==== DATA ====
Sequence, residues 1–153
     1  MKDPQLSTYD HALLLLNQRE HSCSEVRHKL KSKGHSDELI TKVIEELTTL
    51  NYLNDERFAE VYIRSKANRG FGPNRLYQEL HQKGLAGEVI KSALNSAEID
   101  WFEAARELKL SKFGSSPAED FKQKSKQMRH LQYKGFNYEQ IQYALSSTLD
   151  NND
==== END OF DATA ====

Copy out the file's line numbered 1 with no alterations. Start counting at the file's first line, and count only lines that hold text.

Sequence, residues 1–153